I’m confident I could go on about this subject for quite some time and, no doubt, will in the future. However, I really just want to share this wonderful PowerPoint presentation I was recently reminded of. It’s one of those that is somewhat timeless. Hell, it may never quite go out-of-date. I think it’s deserving of a reprise. Please feel free to share. The author placed it in SlideShare, so I’m confident he wants you to see and share it.

View more PowerPoint from normanlamont

Why Would We Wish to Waste So Much Talent & Investment?

Atlantis ascending - STS-27

Atlantis Powers to Orbit

As long as I worked at what is now called Pratt & Whitney Rocketdyne we referred to NASA and the Air Force as our “customers”. For nearly twenty years I worked on the Space Shuttle Main Engine program and we always called NASA our “customer”. In the last few years of my employment there, when my awareness of – and interest in – social media brought me to learn as much as I could about what was available and how it might be of benefit to my company, I began arguing for a different approach. I believed, still do, that the real customers of companies involved in space exploration are the American people, those who pay the taxes that were used to pay our salaries. I still believe this is the case, and I still await the evidence of an enlightened approach to engaging them.

In the meantime, I just received an email request to take action and I want to pass it on in the hope some of you who read this will consider taking action; very simple, virtual action. I believe it is imperative for the human race to establish not merely a technological presence in space, but a strong cultural presence as well. I don’t believe it has to be dominated by the United States. In fact, I would prefer it be an international, world-wide effort to ensure the long-term survival of our species. Nevertheless, what is currently happening here is the gradual wasting away of our talent and our industrial base to continue leading the effort. I will no doubt write more about this as it is near and dear to my heart.

What follows is the text of the email, which comes from the website I’m asking you to visit and consider using to send a letter of support to the President, your U.S. Senators, and your Congressional Representative. I’m also including the link below the text so you might take action if you’re so inclined.

I’m concerned about the future of the United States’ role in space. Investments in our nation’s space programs will have a direct impact on our future economic strength and ability to remain a space-faring nation on the cutting edge of technology. I urge you to make a strong commitment to maintaining the U.S. as the unsurpassed leader in space.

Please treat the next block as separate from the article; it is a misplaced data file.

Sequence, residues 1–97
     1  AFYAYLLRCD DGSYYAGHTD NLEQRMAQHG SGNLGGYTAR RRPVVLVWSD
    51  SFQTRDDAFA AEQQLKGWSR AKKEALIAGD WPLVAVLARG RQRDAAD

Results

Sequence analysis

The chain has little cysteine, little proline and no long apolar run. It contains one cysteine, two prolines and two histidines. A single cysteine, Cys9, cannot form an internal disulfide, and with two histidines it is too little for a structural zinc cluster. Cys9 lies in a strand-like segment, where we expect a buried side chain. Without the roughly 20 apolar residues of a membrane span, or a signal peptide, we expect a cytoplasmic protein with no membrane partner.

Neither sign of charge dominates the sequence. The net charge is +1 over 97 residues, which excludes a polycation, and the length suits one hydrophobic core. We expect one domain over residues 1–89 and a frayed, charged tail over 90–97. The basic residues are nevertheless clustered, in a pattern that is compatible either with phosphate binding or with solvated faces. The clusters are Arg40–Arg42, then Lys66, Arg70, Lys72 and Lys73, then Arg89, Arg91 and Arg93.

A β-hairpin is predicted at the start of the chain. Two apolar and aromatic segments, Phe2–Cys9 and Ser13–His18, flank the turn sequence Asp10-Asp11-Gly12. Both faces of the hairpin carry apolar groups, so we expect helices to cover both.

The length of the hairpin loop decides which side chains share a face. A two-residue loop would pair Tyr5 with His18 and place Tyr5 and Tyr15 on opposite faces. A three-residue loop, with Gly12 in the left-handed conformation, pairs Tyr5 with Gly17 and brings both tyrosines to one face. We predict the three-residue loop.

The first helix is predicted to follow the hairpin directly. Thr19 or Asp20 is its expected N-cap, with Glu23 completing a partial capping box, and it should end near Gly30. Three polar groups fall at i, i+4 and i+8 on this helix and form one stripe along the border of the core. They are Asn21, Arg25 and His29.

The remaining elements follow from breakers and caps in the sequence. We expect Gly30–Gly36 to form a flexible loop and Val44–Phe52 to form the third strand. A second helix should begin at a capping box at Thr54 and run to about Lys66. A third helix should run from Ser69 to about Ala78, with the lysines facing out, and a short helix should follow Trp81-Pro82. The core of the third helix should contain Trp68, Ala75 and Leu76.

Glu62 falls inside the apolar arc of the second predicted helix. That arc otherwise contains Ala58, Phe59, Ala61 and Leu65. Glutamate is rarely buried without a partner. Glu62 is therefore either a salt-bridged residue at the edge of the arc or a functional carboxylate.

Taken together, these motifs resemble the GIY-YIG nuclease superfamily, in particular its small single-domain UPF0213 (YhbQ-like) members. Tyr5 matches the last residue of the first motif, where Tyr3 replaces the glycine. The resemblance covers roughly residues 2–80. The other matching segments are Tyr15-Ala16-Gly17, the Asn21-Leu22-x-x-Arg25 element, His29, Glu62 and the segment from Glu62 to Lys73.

For decades, U.S. leadership in space has been recognized across the globe. However, that position is perishable, and continued national leadership will be vital for our future. Therefore:

  • It is important to establish a long-term national space strategy that factors in civil, national security and commercial interests in space. Our national strategy must also cut across all agencies that have a stake in space. Without a national strategy, America risks a future where the workforce and industrial capacity needed to maintain U.S. leadership and competitiveness in space is seriously – and in some cases irreversibly – degraded.
  • It is important for our future global competitiveness, leadership and innovation in space that budgets and funding remain stable and robust. Appropriate funding must accompany strategic goals to meet established objectives and sustain a strong and progressive space industry.
  • It is important to support policies that maintain a healthy and vibrant space industrial base that employs technically-skilled American workers. Modernizing our nation’s export control policies – so that U.S. industry can compete on a level playing field – is one step in the right direction.
  • It is important to recognize that the space industrial base drives technological development important to our economy and national security. Our national strategy must identify and seek to preserve the space capabilities critical to meeting our national goals.

The United States stands at a critical juncture between past accomplishments and future ambitions in space. The rest of the world is not waiting. Yet there is uncertainty about the future of U.S. leadership in space; our workforce is facing upheaval and layoffs and the U.S. space industrial base is at the brink of losing our competitive and innovative edge.It is absolutely critical that our nation’s decision-makers work together to show the leadership needed to keep our space efforts robust. I urge you to make addressing these issues a national priority.

Here is the link to send this letter. Thanks for considering it – http://www.spaceleadership.org/